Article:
Penal Code §§ 242/243(e)(1)), obstructing/resisting
an executive officer with force or violence (id. at
§ 69), battery upon an officer and emergency personnel
(id. at §§ 242/243(b)), and resisting,
delaying or obstructing a peace officer (id. at
§ 148(a)(1)). Docket No. 76-3 at 3-4. He also was
charged with several other crimes against other people that
occurred on different dates. Docket No. 76-3 at 1-7.
Eventually, a plea deal was reached to dispose of several
criminal charges pending against Torres. Id. at
20-23. As to the events on July 4, 2012, Torres pled guilty
to a violation of California Penal Code section 69.
Id. at 25. The following occurred at the negotiated
THE COURT: And then Count Seven is a felony violation of
Penal Code section 69, resisting an executive officer,
alleging that on or about July 4th, 2012, at Concord, in
Contra Costa County, that you, Mario Torres, did willfully
and unlawfully attempt, by means of threats and violence, to
deter and prevent Officer Daniel Smith, who was an executive
officer, from performing a duty imposed upon the officer by
law and knowingly resisted by the use of force and violence
and by means of threats of violence the executive officer in
the performance of duty. What is your plea?
THE DEFENDANT: Guilty.
Docket No. 76-3 at 16-17. Torres received a prison term for
his Penal Code section 69 conviction. See Docket No.
76-3 at 25 (abstract of judgment); Docket No. 99-1 at 2-5
(2nd amended abstract of judgment).
Concord Police Department Monell Evidence
present more than 40 pages of training logs from the Concord
Police Department showing substantial individual training
activity for officers Smith and Hansen. Docket No. 76-4 at
2-45. The training logs show that officers Smith and Hansen
both received training before July 4, 2012, that included
training in domestic violence situations and uses of force.
present the Concord Police Department's “use of
force policy.” Docket No. 76-4 at 47-52. That policy
states that “[i]t is the policy of the Concord Police
Department to use force only as reasonable.”
Id. at 47. The policy elaborates on the use of force
and includes a section providing that all uses of force will
be reviewed by the Department. Id. at 49.
present the Concord Police Department's “Use of
Force Review Board” report that concluded that the uses
of force by officers Smith and Hansen appear to have been
within guidelines. Docket No. 76-4 at 54-69. The force
reviewed consisted of a “distraction strike” and
“impact weapon” used by officer Smith,
id. at 55, and an “impact weapon” used
by officer Hansen, id. at 56.
The Claims To Be Adjudicated
court earlier determined that the third amended complaint
stated the following claims: (1) a claim against officers
Hansen and Smith for an unreasonable search under the Fourth
Amendment based on the warrantless entry of the residence;
(2) a claim against officers Hansen and Smith for the use of
excessive force in violation of the Fourth Amendment based on
three uses of force (i.e., beating Torres upon entry into the
residence, after he was handcuffed, and when he was at the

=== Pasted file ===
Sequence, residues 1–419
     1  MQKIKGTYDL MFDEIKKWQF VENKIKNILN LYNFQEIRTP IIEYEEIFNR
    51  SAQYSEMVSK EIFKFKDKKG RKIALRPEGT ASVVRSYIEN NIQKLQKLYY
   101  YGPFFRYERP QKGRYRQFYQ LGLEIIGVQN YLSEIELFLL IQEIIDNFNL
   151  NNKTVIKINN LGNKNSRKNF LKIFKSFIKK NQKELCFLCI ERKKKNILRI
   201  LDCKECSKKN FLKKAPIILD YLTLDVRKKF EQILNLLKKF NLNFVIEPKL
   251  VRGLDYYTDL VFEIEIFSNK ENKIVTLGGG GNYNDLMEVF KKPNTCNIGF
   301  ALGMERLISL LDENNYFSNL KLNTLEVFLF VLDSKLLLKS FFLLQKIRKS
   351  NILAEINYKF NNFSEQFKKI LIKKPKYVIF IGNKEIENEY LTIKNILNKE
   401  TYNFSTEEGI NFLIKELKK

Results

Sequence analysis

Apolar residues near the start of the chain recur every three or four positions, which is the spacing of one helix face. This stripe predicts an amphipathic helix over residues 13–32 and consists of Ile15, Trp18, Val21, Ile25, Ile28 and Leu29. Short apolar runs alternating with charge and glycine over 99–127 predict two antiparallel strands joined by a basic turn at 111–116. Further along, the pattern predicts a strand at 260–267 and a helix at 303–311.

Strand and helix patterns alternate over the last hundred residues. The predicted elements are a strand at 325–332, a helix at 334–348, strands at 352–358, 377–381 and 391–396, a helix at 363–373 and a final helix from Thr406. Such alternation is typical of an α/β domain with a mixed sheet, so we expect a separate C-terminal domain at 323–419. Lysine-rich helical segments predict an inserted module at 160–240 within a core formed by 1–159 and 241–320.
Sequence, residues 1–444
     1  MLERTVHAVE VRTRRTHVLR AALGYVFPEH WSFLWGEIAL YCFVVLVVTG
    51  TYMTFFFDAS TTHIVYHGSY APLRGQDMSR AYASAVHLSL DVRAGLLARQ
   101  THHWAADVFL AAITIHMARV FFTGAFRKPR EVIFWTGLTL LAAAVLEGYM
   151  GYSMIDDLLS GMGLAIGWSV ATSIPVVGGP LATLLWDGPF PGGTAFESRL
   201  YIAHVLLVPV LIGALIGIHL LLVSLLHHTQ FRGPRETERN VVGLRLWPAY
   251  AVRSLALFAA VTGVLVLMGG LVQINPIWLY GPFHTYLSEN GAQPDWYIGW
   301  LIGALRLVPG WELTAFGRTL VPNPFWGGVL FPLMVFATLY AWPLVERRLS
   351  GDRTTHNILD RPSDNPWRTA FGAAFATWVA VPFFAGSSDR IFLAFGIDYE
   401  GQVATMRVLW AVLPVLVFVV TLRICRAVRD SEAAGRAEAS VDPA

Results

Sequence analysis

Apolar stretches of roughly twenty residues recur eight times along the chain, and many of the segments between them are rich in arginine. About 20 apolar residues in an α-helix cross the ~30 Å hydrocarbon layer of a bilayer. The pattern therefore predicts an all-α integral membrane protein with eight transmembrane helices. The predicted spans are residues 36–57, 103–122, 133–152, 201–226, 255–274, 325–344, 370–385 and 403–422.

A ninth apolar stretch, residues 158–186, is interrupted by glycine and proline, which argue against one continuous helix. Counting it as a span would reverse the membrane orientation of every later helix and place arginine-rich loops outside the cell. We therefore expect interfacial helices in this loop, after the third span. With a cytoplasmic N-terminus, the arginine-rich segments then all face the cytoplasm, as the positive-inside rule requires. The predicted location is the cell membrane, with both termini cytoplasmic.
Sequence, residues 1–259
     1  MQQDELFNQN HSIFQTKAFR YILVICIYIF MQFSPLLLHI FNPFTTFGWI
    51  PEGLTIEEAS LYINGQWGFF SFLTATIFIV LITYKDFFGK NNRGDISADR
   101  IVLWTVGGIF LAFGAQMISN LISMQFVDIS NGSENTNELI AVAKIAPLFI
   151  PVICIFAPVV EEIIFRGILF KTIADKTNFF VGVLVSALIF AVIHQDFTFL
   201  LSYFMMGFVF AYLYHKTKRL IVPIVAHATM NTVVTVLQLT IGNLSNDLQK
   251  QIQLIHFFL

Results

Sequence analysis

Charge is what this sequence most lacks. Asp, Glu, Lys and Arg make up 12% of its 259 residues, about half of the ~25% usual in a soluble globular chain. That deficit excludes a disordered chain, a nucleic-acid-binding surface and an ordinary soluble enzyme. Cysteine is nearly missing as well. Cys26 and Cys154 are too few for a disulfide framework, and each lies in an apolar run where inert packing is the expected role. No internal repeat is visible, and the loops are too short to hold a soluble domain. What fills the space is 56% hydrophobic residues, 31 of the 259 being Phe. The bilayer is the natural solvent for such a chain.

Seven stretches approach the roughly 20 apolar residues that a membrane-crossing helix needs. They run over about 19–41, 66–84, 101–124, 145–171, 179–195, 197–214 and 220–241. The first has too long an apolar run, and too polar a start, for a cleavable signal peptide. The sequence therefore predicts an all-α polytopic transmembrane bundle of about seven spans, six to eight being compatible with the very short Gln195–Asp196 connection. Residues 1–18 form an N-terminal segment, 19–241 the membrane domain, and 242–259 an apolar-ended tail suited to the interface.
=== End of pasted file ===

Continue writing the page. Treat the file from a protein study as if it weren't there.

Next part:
police station); (3) a claim against officers Hansen and
Smith for false arrest in violation of the Fourth Amendment;
(4) a claim against officers Hansen and Smith for false
imprisonment based on Torres' detention after his arrest;
and (5) a Monell claim against the Concord Police
Department based on the alleged failure to train and
supervise officers and failure to properly investigate police
misconduct. See Docket No. 21.
now move for summary judgment against Torres. Defendants
attack Torres' Fourth Amendment claims with a
Heck argument, urging that his Fourth Amendment
claims must be rejected because success on any of those
claims would undermine the validity of Torres' conviction
for obstructing/resisting an executive officer with force or
violence. Next, defendants argue that the two officers are
entitled to qualified immunity against those same Fourth
Amendment claims. Finally, defendants argue that the Concord
Police Department is entitled to judgment as a matter of law
on the Monell claim because Torres has no proof to
support his allegations.
STANDARD FOR SUMMARY JUDGMENT
judgment is proper where the pleadings, discovery, and
affidavits show that there is “no genuine dispute as to
any material fact and [that] the moving party is entitled to
judgment as a matter of law.” Fed.R.Civ.P. 56(a). A
court will grant summary judgment “against a party who
fails to make a showing sufficient to establish the existence
of an element essential to that party's case, and on
which that party will bear the burden of proof at trial . . .
since a complete failure of proof concerning an essential
element of the nonmoving party's case necessarily renders
all other facts immaterial.” Celotex Corp. v.
Catrett, 477 U.S. 317, 322-23 (1986). A fact is material
if it might affect the outcome of the suit under governing
law, and a dispute about a material fact is genuine “if
the evidence is such that a reasonable jury could return a
verdict for the nonmoving party.” Anderson v.
Liberty Lobby, Inc., 477 U.S. 242, 248 (1986).
the moving party bears the initial burden of identifying
those portions of the record which demonstrate the absence of
a genuine issue of material fact. The burden then shifts to
the nonmoving party to “go beyond the pleadings and by
[his or her] own affidavits, or by the ‘depositions,
answers to interrogatories, and admissions on file,'
designate ‘specific ...